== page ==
WPA (Wi-Fi Protected Access) WPA and WPA2 have two standards, is a protected wireless computer network (Wi-Fi) security system, which should be the first generation of systems researchers Wired Equivalent Privacy (WEP) in the found several serious weaknesses arising.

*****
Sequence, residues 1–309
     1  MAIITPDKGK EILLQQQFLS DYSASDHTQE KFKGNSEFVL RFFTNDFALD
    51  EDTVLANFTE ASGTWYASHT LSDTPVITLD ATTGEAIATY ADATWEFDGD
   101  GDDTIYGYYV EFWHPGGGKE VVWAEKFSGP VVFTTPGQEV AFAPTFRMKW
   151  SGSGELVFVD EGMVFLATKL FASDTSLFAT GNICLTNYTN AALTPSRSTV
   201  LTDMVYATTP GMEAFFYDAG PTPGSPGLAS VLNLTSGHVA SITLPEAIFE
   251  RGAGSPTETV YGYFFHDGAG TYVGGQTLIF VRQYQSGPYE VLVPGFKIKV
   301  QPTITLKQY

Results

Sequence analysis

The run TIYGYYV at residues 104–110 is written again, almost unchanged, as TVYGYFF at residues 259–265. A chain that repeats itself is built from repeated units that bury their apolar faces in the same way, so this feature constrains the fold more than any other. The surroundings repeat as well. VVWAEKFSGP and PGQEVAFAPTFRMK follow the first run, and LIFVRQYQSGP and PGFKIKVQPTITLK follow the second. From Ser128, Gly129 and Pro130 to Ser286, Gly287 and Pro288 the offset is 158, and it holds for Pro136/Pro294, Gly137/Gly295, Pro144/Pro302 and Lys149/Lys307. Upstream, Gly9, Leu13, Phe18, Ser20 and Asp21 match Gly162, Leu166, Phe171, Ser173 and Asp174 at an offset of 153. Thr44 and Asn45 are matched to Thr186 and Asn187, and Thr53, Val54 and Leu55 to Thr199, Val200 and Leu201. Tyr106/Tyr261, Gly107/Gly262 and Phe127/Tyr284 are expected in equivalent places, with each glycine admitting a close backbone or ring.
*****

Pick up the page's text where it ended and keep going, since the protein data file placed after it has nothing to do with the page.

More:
CS653 : Mobile Computing Course Project Wi-Fi Analysis of KReSIT building and Implementation of freeRADIUS server Project Topic – 14 Vaibhao Tatte Harshad Inarkar Swaroop Joshi 08305905 08305066 08305013 firstname.lastname@example.org email@example.com firstname.lastname@example.org Department of CSE, Indian Institute of Technology, Bombay Thursday, November 13, 2008 Contents 1 Introduction . . . . . . . . . . . . . . . . . . . . . . . . . . . . . . 2 2 Problem Statement . . . . . . . . . . . . . . . . . . . . . . . . . . 2 3 Experimental Setup . . . . . . . . . . . . . . . . . . . . . . . . . 3 3.1 Part 1 : WiFi Audit . . . . . . . . . . . . . . . . . . . . . 3 3.2 Part 2 : Implementation of freeRADIUS . . . . . . . . . . 4 4 Results . . . . . . . . . . . . . . . . . . . . . . . . . . . . . . . . . 7 4.1 Part 1 : WiFi Audit . . . . . . . . . . . . . . . . . . . . . 7 4.2 Part 2 : Implementation of freeRADIUS . . . . . . . . . . 9 5 Conclusion . . . . . . . . . . . . . . . . . . . . . . . . . . . . . . 11 5.1 Part 1 : WiFi Audit . . . . . . . . . . . . . . . . . . . . . 11 5.2 Part 2 : Implementation of freeRADIUS . . . . . . . . . . 11 1 2 1 Introduction Kanwal Rekhi building, formerly known as KReSIT, houses most of the fac- ulty and research scholars of the department of computer science and engineering of Indian Institute of Technology, Bombay. It is also the place where most of the classroom hours are conducted and houses several labs of post-graduate students and is host of various national and inter- national level seminars. Cisco had audited the complete KReSIT building before implementing the Wi-Fi. But it appears that at many places coverage is not very good and signal strength is low. Our project aims to audit the wi-ﬁ system implemented in KReSIT building. WiFi  is the most easily hackable network in the internet world today, unless some security protocol properly deployed. KReSIT is not secured. No authentication is done and is highly prone to any such attacks. We propose to implement the Remote Authentication Dial In User Service (RADIUS)  in KReSIT. freeRADIUS  is open source server, widely deployed in the corporate world. We provide security in terms of mac-binding and user-authentication (user- id/password), with the help of freeRADIUS. 2 Problem Statement The project is aimed at: • Study of the deployment of WiFi in KReSIT building. – How is the coverage at diﬀerent places – How many APs are available at diﬀerent places – Any coverage outage – Signal strengths at diﬀerent places • Exploring the options of adding security to it – Implementation of freeRADIUS server for the authentication – Deployment of daloRADIUS for the web interface to freeRADIUS Submitted by : Vaibhao, Harshad, Swaroop 3 3 Experimental Setup 3.1 Part 1 : WiFi Audit Tools Used • Linksys Dual-Band Wireless A+G Notebook Adapter  • Backtrack Linux  Linksys Dual-Band Wireless A+G Notebook Adapter • Universal wireless adapter connects your notebook PC to Wireless-A (802.11a), Wireless-B (802.11b), or Wireless-G (802.11g) networks • Incredible data rates up to 54Mbps in Wireless-G and A modes • Also downward compatible with popular 11Mbps Wireless-B devices and networks • Advanced wireless security: Wi-Fi Protected Access (WPA), and up to 152-bit WEP encryption Backtrack Linux • BackTrack is the most top rated linux live distribution focused on pene- tration testing. With no installation whatsoever, the analysis platform is started directly from the CD-Rom and is fully accessible within minutes. • Consists of more than 300 diﬀerent up-to-date tools which are logically structured according to the work ﬂow of security professionals. • No other commercial or freely available analysis platform oﬀers an equiv- alent level of usability with automatic conﬁguration and focus on pene- tration testing. • One of these tools is Wireless Auditor. It’s a live-cd customized tool, provided by Airtight Networks . It uses postgres to store the database. • It is a dynamic tool, which senses the beacons available in the wireless medium and gets the information available in this medium at the given time. This auditor supports the Linksys dual-band notebook adapter card (Model No.: WPC55AG, Version: 1.3), mentioned above. Methodology We have done a ﬂoor-wise analysis, covering almost all parts of KReSIT, except seminar hall and F.C.Kohli Auditorium, for which key-permission was required. We carried a laptop consisting of the above tools to the several points in the building. We noted the ﬁndings for ∼ 5 min at every location and took the average of the readings. The results are explained in the following section. Submitted by : Vaibhao, Harshad, Swaroop 4 3.2 Part 2 : Implementation of freeRADIUS Tools Used • freeRADIUS : a free open source RADIUS server  • daloRADIUS : advanced RADIUS web management application  freeRADIUS • freeRADIUS source is available and can be downloaded from http://freeRADIUS.org • It requires mysql to store the database • freeRADIUS does not support graphical use interface, only command line operations daloRADIUS • So we are using daloRADIUS • It is an advanced RADIUS web management application aimed at man- aging hotspots and general-purpose ISP deployments • It features user management, graphical reporting, accounting, a billing engine and integrates with GoogleMaps for geo-locating Block Diagram Fig 1 shows the block diagram of how the system of freeRADIUS and daloRA- DIUS works here. DaloRadius Accounting/Authentication freeRadius AP Probe CLIENT Figure 1: Block Diagram Submitted by : Vaibhao, Harshad, Swaroop 5 Working of freeRADIUS  General Terminology • Supplicant/EAP Client – the software on the end-user/client machine (ma- chine with the wireless card). • Authenticator/NAS/Access Point(AP) – A network device providing users with a point of entry into the network. • EAPOL – EAP over LAN as deﬁned in 802.1x standard. • EAPOW – EAP over Wireless. The sequence of events, for EAP-MD5, runs as follows 1. The end-user associates with the Access Point(AP). 2. The supplicant speciﬁes AP to use EAP by sending EAP-Start. 3. AP requests the supplicant to Identify itself (EAP-Identity). 4. Supplicant then sends its Identity (username) to the AP. 5. AP forwards this EAP-response AS-IS to the RADIUS server. (The sup- plicant and the RADIUS server mutually authenticate via AP. AP just acts as a passthru till authentication is ﬁnished.) 6. The server sends a challenge to the supplicant. 7. The supplicant carries out a hash on the password and sends this hashed password to the RADIUS server as its response. 8. The RADIUS server performs a hash on the password for that supplicant in its user database and compares the two hashed values and authenticates the client if the two values match(EAP-Success/EAP-Failure) 9. AP now opens a port to accept data from the end-user. Currently, EAP is widely used in wireless networks than in wired networks. In 802.11/wireless based networking, following sequence of events happen in addition to the above EAP events. 1. RADIUS server and the supplicant agree to a speciﬁc WEP key. 2. The supplicant loads the key ready for logging on. 3. The RADIUS server sends the key for this session (Session key) to the AP. 4. The AP encrypts its Broadcast key with the Session key 5. The AP sends the encypted key to the supplicant 6. The supplicant decrypts the Broadcast key with the Session key and the session continues using the Broadcast and Session keys until the session ends. Submitted by : Vaibhao, Harshad, Swaroop 6 Methodology Steps involved: • Installing dependencies for freeRADIUS  • Downloading freeRADIUS source, make changes to support Protected Ex- tensible Authentication Protocol (PEAP) • Building packages, using dpkg • Installing the binary packages • Installing mysql server • Implementing daloRADIUS • Make necessary changes to support authorization and accounting  • Conﬁguring Access-Point (AP) to support freeRADIUS : eap with mac- binding We have hosted the server on http://10.100.116.11/myradius. Then we add a new user-name to it. Our demonstration was performed on an AP with IP ad- dress 10.129.41.249. In order to access this AP, we have to do the MAC binding and we will require a user-id and password for authentication. Following screen-shot (ﬁg 2) shows how to add a user. Figure 2: Add User Submitted by : Vaibhao, Harshad, Swaroop 7 Next, we have to add an entry of NAS in the freeRADIUS database. We have to share a secret-key between NAS and freeRADIUS server. We have used testing123 for our experiment. Now the users added through this interface can access network through this AP. 4 Results 4.1 Part 1 : WiFi Audit The ﬂoor-wise results of our ﬁndings are tabulated below: Ground Floor Location Maximum Power Received APs accessed Inside Security Room 3 3 Main Steps 8 9 First Floor Location Maximum Power Received APs accessed Near Oﬃce 8 10 Embedded Systems Lab 36 11 Outside F.C.Kohli Auditorium 26 10 KReSIT Library 23 11 Inside SIA-106 26 10 Second Floor Location Maximum Power Received APs accessed Inside SIA-213 43 7 Inside SIA-210 21 5 Inside SIC-203 34 2 Near Lift 13 6 Outside SIC-201 12 7 Third Floor Location Maximum Power Received APs accessed Near SIC-301 7 3 Near Lift 12 7 Inside SIC-310 43 9 Inside SIC-309 33 8 Inside SIA-314 51 8 Inside SIA-310 44 9 Inside RS Rooms 27 9 Submitted by : Vaibhao, Harshad, Swaroop 8 Fourth Floor Location Maximum Power Received APs accessed Inside SIA-413 52 8 Inside SIA-401 51 3 Inside SIA-403 22 7 Inside BI Area 15 3 Near Lift 14 9 Circular Hall (Center) 18 4 Circular Hall (Sidewall) 35 4 Circular Hall (Server Room) 14 4 Summary Figure 3: Graph - ﬂoor vs no. of APs Fig 3 shows the ﬂoor-wise accessibility of the Access Points. Following table shows the availability of a particular AP on a given ﬂoor: Where, G: Ground, 1: First, 2: Second, 3: Third, 4: Fourth Floor Sr. MAC ID of the AP G 1 2 3 4 1. 00:1D:A2:AF:81:E0 Y Y Y Y Y 2. 00:1D:A2:AF:83:90 Y Y Y Y – 3. 00:1D:A2:AF:83:C0 – Y Y – – 4. 00:1D:A2:AF:84:40 – Y Y Y – 5. 00:1D:A2:AF:84:90 Y Y Y Y Y 6. 00:1D:A2:AF:84:F0 Y – – – – 7. 00:1D:A2:AF:85:40 Y Y Y Y – 8. 00:1E:13:41:F6:60 Y Y Y – – 9. 00:1E:13:41:F7:C0 Y – – – – 10. 00:1E:13:41:F7:F0 Y Y Y Y Y 11. 00:1E:13:41:F8:20 Y Y Y Y – 12. 00:1E:13:41:F8:70 – – – Y Y 13. 00:1E:13:41:FC:80 Y Y Y Y – 14. 00:1E:13:41:FD:70 Y Y Y Y – Submitted by : Vaibhao, Harshad, Swaroop 9 Personal APs detected Sr. MAC ID of the AP SSID Security Floors Accessed 1. 4E:64:61:13:EA:C9 hpsetup Open 1, 2, 3 2. 00:0D:88:AB:23:67 KReSIT Open 3 3. 00:0D:88:AB:24:44 KReSIT Open 1 4. 00:0F:3D:38:2D:B3 KReSIT Open 2, 3 5. 00:14:BF:DE:D1:AF linksys Open 2, 3 6. 02:28:78:18:D0:D5 olpc-mesh Open 3 7. 02:2A:AA:32:98:C5 olpc-mesh Open 2 8. 02:2B:8B:64:33:2A olpc-mesh Open 3 9. 02:2D:CD:61:46:38 olpc-mesh Open 3 10. 02:2F:6F:CC:52:81 olpc-mesh Open 3 11. 00:15:62:C7:DE:40 tsunami Open 1, 2, 3 12. 00:15:62:DA:C0:50 Vaibhao WEP G, 1, 2 13. 00:11:95:72:BD:C6 vegayan WEP 2, 3 14. 02:15:6D:54:AA:B0 voyage Open 2, 3 Clients The utilization of CSE-KR APs is not optimal. For example, at a certain point, only three clients were connected to CSE-KR and others were connected to private APs, as shown in the following table . Sr. MAC Address Associated device MAC SSID 1. 00:17:08:CE:EF:AF 4E:64:61:13:EA:C9 hpsetup 2. 00:17:08:CE:EF:AF 4E:64:61:13:EA:C9 hpsetup 3. 00:17:08:CE:EF:AF 4E:64:61:13:EA:C9 hpsetup 4. 00:17:C4:11:0F:7F 02:2F:6F:CC:52:81 olpc-mesh 5. 00:15:6D:54:AA:A0 02:15:6D:54:AA:B0 voyage 6. 00:15:6D:54:AA:A0 00:1E:13:41:FD:70 CSE-KR 7. 00:1E:4C:29:AE:C2 00:1E:13:41:FD:70 CSE-KR 8. 00:04:23:85:FE:55 00:1D:A2:AF:84:F0 CSE-KR 9. 00:18:DE:94:49:98 00:15:62:C7:DE:40 tsunami Low Coverage • It was observed that even though we were standing right under the APs in front of SIC-201 and SIC-301, the power received was extremely low. • At some places, the coverage was not very good, for ex. in front of the oﬃce, and in Business Incubator, signal power received was not good. 4.2 Part 2 : Implementation of freeRADIUS We have successfully implemented the freeRADIUS, using two laptops, one with authorization and one without authorization. The authorized one was able to talk with the AP, while the non-authorized one was not authenticated and was not allowed to connect to the network through this AP. The Access-Accept message can be tested using daloRADIUS. This is shown in the following screenshot (ﬁg 4). Submitted by : Vaibhao, Harshad, Swaroop 10 Figure 4: Test User Connectivity It was testiﬁed that only the authorized users can access the internet through this AP, after their authentication was established by conﬁrming the user-id and password. Submitted by : Vaibhao, Harshad, Swaroop 11 5 Conclusion 5.1 Part 1 : WiFi Audit • Some key areas are not having a very good coverage – AP’s in front of SIC-201 and 301 are not showing good transmit power – Coverage is very poor inside Business Incubator area • Under-utilization of the infrastructure – It was found that number of clients utilizing the CSE-KR APs is usually very less. – People who are using their personal APs for non-experimental pur- pose should be encouraged to use the CSE-KR APs. 5.2 Part 2 : Implementation of freeRADIUS • We have implemented freeRADIUS for a sample AP to show how we can provide security to the KReSIT Wi-Fi module • It can be extended to the entire KReSIT building, provided managerial issues are taken care of Submitted by : Vaibhao, Harshad, Swaroop Bibliography  RADIUS : Wikipedia article.  WiFi : Wikipedia article.  freeRADIUS website.  daloRADIUS Sourceforge webpage.  Rlm eap From FreeRADIUS Wiki.  AirTight Networks Oﬃcial Website.  Installation Steps for freeRADIUS.  Dual-Band Wireless A+G Notebook Adapter Spciﬁcations.  Backtrack Linux Oﬃcial Website.  Wireless vulnerability assessment report, an automatically generated report by airtight network wireless auditor. 12